What is the difference between Palo Alto and Berkeley in terms of community culture that may have led to the very different conduct by our communities. The problems in the 2 schools are depressingly similar. Is it the history of activism in Berkeley versus Palo Alto? Is it the rise of new money here and the increasing social conservatism that comes in its train? The "defend the schools no matter what" mentality does not seem to be operating in Berkeley.
I have been shocked by the attacks on board member Ken Dauber that seem to be instigated in part by teachers at both Gunn and Paly. We all have heard the attacks for years on the character of those who have filed the OCR complaints as well. Here is Berkeley standing up for complying with the law, and here is Palo Alto attacking whistelblowers and families of disabled students and girls who have been stalked, beaten, bullied, and raped.
Here is an excerpt from the story:
Parent Heidi Goldstein, who supports the OCR complaint called for "action, leadership and accountability to substantially improve the culture in the Berkeley schools around sexual harassment,” and described the district’s actions to date as “a mix of tepid, ‘check the box’ compliance that has repeatedly overlooked the injustices visited on students who have been forced to endure a hostile learning environment that violates both their civil rights and entitlement to participate in an educational setting free of fear and intimidation.”
Goldstein said the district has not been aggressive enough in hiring a Title IX compliance officer — currently vacant — to make sure the district is following federal laws related to gender discrimination, and said the district should not wait for feedback related to the federal complaint before “taking more definitive steps.”
Another Berkeley High parent and advisor to BHS Stop Harassing, Rebecca Levenson, told council about some of the experiences she has had in the past year.
"Students told me about being called a slut, a whore, seeing pictures of their friends and themselves on social media —with horrible captions, sometimes clothed, sometimes nude, sometimes passed out,” she said. “They told me stories of helping a friend after she was thrown down a flight of stairs by her boyfriend at a party. They told me about having sex they didn’t want to have because they were afraid to say no. They told me everything you never want to hear a kid say.”
Levenson, too, said the school district has not taken strong enough steps forward.
“As someone who has worked in this field for 25 years, they haven’t done anything more than check boxes,” she told council. “We need evidenced based programming, we need to do real primary prevention education specific to sexual harassment and violence and we need to teach students and staff how to intervene when they see it.”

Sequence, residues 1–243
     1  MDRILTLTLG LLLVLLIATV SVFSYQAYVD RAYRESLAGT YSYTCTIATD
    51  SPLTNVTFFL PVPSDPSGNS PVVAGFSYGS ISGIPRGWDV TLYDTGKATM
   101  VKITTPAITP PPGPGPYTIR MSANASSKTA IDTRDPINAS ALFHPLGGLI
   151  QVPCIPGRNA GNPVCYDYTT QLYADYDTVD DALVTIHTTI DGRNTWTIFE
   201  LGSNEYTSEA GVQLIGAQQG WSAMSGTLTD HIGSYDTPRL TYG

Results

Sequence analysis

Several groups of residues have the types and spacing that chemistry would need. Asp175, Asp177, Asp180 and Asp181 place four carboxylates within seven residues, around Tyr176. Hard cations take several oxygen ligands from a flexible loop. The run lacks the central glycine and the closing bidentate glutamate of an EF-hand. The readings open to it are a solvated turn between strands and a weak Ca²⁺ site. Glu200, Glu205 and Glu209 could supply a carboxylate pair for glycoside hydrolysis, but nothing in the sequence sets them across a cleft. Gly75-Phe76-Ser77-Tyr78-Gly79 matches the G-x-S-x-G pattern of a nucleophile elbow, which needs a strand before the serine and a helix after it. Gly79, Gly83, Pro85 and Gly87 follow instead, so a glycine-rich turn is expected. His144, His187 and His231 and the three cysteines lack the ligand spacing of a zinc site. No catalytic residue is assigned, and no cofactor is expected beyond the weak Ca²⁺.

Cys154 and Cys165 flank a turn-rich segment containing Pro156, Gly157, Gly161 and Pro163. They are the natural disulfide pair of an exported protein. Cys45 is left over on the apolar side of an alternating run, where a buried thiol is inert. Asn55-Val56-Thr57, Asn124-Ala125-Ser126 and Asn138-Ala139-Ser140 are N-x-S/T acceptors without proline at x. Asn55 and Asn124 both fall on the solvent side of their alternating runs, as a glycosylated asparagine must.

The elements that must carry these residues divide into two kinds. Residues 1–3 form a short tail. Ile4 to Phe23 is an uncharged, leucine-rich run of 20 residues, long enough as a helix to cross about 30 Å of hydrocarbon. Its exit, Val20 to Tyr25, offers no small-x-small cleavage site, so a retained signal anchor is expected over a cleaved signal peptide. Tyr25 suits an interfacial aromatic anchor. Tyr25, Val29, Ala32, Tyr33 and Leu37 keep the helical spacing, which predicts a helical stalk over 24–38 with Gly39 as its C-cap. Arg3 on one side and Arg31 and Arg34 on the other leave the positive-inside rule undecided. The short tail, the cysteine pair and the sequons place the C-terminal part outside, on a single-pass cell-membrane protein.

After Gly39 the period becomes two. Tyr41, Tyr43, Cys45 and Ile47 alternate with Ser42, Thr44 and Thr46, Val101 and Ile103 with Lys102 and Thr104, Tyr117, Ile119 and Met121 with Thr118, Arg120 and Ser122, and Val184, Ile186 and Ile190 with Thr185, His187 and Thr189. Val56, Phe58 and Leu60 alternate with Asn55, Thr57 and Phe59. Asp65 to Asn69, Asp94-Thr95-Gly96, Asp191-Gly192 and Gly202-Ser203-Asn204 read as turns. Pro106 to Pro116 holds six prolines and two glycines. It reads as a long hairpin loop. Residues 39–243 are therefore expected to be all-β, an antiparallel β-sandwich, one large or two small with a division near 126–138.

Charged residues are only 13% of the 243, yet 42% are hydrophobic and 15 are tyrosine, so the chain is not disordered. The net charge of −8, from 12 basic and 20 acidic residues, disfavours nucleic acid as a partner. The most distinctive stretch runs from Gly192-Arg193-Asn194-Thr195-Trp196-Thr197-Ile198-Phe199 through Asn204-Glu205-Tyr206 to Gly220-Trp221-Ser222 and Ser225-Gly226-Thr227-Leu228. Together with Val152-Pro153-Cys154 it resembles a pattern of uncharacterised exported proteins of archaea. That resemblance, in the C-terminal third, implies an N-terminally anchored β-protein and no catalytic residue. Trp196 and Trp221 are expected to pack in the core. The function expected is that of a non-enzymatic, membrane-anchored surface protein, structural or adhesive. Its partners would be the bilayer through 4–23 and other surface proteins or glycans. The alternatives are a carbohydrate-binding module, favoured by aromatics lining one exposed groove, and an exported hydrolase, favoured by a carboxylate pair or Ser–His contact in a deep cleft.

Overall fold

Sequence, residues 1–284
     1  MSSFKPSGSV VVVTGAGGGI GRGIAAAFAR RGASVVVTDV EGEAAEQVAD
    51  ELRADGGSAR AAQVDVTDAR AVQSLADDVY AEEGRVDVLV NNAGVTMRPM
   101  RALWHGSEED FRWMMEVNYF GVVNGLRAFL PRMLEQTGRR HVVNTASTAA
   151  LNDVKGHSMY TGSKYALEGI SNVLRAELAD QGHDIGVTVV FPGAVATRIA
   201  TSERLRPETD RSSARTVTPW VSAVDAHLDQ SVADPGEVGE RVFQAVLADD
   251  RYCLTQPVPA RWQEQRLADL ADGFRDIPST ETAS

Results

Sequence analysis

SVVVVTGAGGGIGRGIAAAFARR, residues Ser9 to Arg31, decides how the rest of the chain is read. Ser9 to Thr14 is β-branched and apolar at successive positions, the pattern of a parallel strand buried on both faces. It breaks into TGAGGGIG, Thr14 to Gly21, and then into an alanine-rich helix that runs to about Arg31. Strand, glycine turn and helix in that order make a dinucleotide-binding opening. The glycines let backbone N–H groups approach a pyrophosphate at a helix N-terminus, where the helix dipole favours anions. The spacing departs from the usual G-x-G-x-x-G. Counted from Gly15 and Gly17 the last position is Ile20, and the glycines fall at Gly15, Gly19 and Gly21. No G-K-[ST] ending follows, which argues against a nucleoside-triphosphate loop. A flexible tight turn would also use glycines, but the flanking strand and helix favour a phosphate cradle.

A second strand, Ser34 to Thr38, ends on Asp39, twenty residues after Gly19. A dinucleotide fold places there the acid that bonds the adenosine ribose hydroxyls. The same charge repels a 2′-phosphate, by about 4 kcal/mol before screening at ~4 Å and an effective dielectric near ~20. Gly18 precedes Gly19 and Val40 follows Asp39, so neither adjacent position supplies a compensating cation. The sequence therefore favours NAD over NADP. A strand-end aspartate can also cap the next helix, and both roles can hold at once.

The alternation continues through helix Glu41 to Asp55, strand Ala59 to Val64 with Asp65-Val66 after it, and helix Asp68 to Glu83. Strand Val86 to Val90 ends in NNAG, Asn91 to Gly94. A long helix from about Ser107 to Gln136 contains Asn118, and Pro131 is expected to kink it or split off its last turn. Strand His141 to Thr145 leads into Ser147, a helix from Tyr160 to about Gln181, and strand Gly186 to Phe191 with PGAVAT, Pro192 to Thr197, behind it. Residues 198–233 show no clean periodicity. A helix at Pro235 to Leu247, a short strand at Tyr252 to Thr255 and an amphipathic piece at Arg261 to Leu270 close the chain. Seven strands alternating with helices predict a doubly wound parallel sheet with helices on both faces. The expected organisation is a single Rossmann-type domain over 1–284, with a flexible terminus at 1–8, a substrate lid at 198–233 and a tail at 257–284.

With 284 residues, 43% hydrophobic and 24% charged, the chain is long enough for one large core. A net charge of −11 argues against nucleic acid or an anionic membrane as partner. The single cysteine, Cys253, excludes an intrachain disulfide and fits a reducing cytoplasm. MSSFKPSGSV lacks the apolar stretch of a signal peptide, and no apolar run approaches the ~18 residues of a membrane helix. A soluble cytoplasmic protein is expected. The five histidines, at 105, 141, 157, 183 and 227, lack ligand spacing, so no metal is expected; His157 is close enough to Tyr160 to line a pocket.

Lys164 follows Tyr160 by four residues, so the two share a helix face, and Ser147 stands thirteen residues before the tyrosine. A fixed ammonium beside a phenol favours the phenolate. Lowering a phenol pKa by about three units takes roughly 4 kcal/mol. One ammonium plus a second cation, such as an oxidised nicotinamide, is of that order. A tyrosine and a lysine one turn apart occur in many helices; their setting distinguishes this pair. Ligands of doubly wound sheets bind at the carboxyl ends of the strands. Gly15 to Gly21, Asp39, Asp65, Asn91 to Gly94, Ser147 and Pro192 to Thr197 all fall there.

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This seems like the appropriate response by parents and community members to student civil rights. Yet here in Palo Alto we have experienced, sadly, such a different community response. Why is Palo Alto so much less supportive of those who have had issues? Why is Ken Dauber the only board member to publicly support the right of the public to file complaints, or to welcome the technical assistance that OCR can provide to ensure the safety of all our students?
Educator sexual harassment of students is a very serious issue and one that has occurred in Palo Alto (think of the coaches who have had publicized sexual abuse of students in recent years). Then there was Phil Winston and the out of control situation of students exposing themselves at Paly -- as many as 100 students per month. There was Gossip Girl, in which terrible slut-shaming and rape-shaming occurred online, also at Paly. There was the highly publicized situation of some untold number of girls being raped by classmates and then slut-shamed at school when they reported.
At Berkeley, these events provoked parents to organize to protect their daughters from abuse.
In Palo Alto, male students with the encouragement of teachers have said that such matters should be handled "in the family" a horrible, chilling, and frightening argument that should prompt Kim Diorio to institute serious training immediately because what she is currently doing is self-evidently not working.
I have really been rocked by that "keep quiet and don't tell the authorities" message -- that is how rape and domestic violence happen. It is the precise opposite of what our sons should be saying. It is wrong.
No one seems to want to hold board members accountable for years of hiding their communications with OCR and with each other in their official capacity as these matters have dragged on, yet there is an active campaign, led in part by school district employees, to attack a board member who asked for advice and help when he was not even a board member in his capacity as a private citizen.
The secrecy of district officials, and the attacks on Dauber and the complainants, together with the scary "keep it in the family" message should all give Palo Alto pause. What kind of community is this? What do we value? Do we value protecting our students or protecting our reputation?